Tributes are continuing for Everton chairman Bill Kenwright following the announcement of his death earlier this week.

A book of condolences was placed at the Park End reception at Goodison Park yesterday (Thursday) allowing players, staff and fans to pay their tributes to Kenwright.

A memorial has also been placed surrounding the Dixie Dean statue outside of Goodison, with flowers, scarves and messages left as people continue to pay their respects after the 78-year-old died from cancer.

Fans mourn the loss of Kenwright after nearly two decades as chairman.

Everton manager Sean Dyche and captain Seamus Coleman were shown laying a wreath at the memorial, with Coleman saying: “Bill Kenwright was more than a chairman to me. He was a friend.

“He was inspirational, he was so kind, he loved Everton, and his presence will be sorely missed.”

John Blain from popular Everton fan channel Toffee TV also paid tribute to Kenwright. He told MerseySportLive: “The passing of Bill Kenwright is the end of an era for both the football community on Merseyside and the regional theatres throughout the country that benefited from Bill’s patronage and support.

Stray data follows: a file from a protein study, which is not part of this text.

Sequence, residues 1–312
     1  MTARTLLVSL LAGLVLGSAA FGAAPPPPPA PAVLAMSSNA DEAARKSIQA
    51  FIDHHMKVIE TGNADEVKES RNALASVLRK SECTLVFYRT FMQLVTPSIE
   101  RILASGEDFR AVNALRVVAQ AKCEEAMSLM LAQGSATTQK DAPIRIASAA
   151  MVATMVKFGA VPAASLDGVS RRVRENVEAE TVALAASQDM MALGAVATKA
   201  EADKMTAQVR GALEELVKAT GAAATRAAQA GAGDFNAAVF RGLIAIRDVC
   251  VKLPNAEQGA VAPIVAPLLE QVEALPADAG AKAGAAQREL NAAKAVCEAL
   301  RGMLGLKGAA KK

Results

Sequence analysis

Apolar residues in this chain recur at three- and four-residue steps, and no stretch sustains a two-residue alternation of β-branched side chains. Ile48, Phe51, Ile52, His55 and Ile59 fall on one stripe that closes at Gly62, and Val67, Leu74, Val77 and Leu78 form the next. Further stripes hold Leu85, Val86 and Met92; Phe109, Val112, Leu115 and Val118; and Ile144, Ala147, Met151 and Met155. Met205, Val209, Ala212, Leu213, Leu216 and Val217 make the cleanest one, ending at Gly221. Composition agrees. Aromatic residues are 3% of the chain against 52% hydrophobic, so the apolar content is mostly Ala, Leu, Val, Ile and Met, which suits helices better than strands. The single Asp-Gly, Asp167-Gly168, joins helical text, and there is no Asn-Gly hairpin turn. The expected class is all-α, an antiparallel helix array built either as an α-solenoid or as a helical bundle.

“It is very unlikely we will ever see again a working-class lad from Liverpool grow up to own the football club he supported all his life. Bill was genuinely revered in the theatre industry where he was a very successful theatre and film producer.

“Bill Kenwright born a blue, lived and passed as a blue but above all, despite living in London he remained a true Scouser who remained proud of the city of his birth where he will be greatly missed.”

The red side of Merseyside paid their respects before Liverpool’s Europa League fixture against Toulouse with a minute’s applause before.

The Hollies song ‘He Ain’t Heavy, He’s My Brother’ was then played at Anfield – a song Kenwright personally picked to play at Goodison following the release of the Hillsborough Independent Panel Report in 2012.

Forever a blue, the Everton chairman’s support and work for the victims of the Hillsborough disaster earned him the utmost respect from both sides of the city, portrayed by a Liverpool scarf being placed at his memorial with a message reading: “Maybe a blue, but definitely a Scouser. R.I.P.”

Both sides of the city pay their respects.

A moments applause is expected to take place at The London Stadium on Sunday when Everton travel to West Ham as they continue to mourn the loss of their longest serving chairman in more than a century.